Text and annotations

No text stands on its own. No matter how long a text, there always seems to be more information around and about it than in it.

In order to understand a text and to grasp the role it has played over the centuries, scholars annotate them. 

In doing so, they have woven a web of interpretation and understanding around texts.

This activity continues until today, and the digital age has produced an explosion of fabrics of texts and their annotations.

Scholarship and programming

Programming is no longer an ultra-technical, nerdy, numerical activity. Computation has become narrative, expressive, visual, intuitive.

The Python programming language goes a long way to make reading and writing the instructions for a computer a pleasant experience.

The Jupyter Notebook, born in the Python world, has turned programming into true story telling.

And such stories can be published in data journals, such as the Research Data Journal.

Annotation as an ongoing project

I am Dirk Roorda, since 2007 employee of DANS, the Netherlands Research Data Archive, and my goal is to bridge the remaining gap between researchers of texts and the world of computing.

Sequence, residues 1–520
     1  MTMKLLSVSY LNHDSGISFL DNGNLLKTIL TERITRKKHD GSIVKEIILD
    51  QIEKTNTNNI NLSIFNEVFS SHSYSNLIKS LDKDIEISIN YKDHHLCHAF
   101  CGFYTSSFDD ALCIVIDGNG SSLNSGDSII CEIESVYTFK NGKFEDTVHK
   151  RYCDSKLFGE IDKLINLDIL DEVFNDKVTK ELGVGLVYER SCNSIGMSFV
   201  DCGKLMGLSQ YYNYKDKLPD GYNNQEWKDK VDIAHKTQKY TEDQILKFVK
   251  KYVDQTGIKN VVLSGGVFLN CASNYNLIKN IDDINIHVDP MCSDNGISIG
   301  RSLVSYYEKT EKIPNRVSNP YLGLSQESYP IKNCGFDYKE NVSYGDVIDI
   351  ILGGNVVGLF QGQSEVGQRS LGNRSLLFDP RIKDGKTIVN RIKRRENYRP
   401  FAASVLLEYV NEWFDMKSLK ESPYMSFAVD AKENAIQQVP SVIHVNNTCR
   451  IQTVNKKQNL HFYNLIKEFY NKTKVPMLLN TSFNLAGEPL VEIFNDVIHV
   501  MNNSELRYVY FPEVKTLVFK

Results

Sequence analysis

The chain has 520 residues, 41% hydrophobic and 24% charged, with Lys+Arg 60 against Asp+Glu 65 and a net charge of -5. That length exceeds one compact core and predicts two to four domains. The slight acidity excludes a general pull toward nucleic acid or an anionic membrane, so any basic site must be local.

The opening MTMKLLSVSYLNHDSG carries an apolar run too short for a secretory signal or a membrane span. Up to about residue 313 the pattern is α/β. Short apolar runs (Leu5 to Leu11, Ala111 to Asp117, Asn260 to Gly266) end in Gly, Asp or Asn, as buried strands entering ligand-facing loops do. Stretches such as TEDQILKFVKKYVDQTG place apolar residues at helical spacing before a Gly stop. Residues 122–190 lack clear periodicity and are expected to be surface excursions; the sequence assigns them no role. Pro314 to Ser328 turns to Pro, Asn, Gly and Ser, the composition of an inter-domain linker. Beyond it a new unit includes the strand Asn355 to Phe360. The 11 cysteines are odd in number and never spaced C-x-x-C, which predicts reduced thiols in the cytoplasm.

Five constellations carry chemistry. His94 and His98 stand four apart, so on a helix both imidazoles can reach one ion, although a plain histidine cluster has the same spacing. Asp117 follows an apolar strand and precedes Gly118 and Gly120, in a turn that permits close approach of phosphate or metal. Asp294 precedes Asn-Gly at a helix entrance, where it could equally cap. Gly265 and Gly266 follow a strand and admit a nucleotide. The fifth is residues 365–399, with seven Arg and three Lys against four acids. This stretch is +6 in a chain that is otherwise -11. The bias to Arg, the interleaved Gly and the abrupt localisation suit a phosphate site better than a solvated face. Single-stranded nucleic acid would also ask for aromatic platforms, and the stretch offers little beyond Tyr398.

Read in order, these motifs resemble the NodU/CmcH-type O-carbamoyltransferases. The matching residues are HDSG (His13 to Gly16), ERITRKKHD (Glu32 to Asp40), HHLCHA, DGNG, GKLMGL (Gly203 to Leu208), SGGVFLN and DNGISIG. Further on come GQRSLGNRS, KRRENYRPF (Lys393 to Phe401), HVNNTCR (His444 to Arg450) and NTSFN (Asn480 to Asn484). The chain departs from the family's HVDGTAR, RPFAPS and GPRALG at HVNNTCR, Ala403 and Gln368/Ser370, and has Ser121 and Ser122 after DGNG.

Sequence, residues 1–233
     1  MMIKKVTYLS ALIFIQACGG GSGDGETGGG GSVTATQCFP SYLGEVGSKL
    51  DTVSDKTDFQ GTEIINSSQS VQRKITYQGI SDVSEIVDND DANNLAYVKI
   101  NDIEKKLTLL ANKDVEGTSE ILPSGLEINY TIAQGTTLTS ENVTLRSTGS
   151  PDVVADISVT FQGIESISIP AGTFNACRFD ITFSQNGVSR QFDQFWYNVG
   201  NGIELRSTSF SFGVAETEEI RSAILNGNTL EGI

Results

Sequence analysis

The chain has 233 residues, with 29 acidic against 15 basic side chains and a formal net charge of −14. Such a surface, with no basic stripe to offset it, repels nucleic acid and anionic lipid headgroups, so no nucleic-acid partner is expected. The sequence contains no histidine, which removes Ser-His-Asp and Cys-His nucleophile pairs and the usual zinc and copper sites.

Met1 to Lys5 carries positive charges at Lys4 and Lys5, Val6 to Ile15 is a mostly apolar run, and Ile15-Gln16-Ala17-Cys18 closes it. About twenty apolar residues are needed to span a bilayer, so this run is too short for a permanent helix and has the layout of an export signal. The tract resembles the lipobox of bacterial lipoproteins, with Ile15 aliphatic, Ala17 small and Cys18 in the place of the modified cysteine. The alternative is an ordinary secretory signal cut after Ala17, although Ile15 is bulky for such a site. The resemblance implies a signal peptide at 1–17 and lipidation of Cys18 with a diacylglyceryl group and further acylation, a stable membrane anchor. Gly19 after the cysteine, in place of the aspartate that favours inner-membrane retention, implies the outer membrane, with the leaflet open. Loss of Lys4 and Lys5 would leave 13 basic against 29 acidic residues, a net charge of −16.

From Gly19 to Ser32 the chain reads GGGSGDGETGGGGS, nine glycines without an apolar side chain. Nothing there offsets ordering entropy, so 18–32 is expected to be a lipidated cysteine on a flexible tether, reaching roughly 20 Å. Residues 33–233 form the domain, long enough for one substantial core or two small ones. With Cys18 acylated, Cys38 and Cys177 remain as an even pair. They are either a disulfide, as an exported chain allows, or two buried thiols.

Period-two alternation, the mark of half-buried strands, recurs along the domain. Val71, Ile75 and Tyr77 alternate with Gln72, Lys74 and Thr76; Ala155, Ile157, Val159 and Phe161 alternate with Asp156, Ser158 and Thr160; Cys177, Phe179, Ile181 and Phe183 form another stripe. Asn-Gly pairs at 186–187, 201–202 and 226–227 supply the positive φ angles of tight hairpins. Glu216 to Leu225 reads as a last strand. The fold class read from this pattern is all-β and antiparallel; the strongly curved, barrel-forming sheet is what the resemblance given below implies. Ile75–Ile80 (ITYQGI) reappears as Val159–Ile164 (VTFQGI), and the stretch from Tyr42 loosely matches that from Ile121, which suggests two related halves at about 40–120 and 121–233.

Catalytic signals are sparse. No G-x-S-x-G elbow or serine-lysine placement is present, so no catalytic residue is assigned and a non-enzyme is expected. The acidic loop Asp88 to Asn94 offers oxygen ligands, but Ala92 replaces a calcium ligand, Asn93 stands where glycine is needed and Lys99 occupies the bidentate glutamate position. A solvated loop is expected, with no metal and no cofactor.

To that end I have developed Text-Fabric, a tool that helps you research your family of texts. Together with specialized scholars, I have used it for the Hebrew Bible, the Quran, and various sets of cuneiform tablets.

My work rests on the shoulders of numerous scholars and computer scientists. My own addition lies in providing the easiest routes from your source materials to your analytical workflows.

In the meanwhile, every line of code I produce, is open source, published on Github, and archived in various long-term archives. The results you obtain with my tools can easily be published and remain accessible for a long, long time. Out of respect for the texts.

My work resides on Github under the organization with the name annotation.


There are several ways of getting into touch, all by clicking a button below.

If you want to use Text-Fabric, or want to contribute corpora or exchange ideas: welcome to our ancient-data workspace on Slack. You'll meet other people that are (deeply) involved in corpus research, and you can chat in several channels.

If you have a casual or non-technical question: email me.

If you find bugs in Text-Fabric, or want new features, file an issue on GitHub.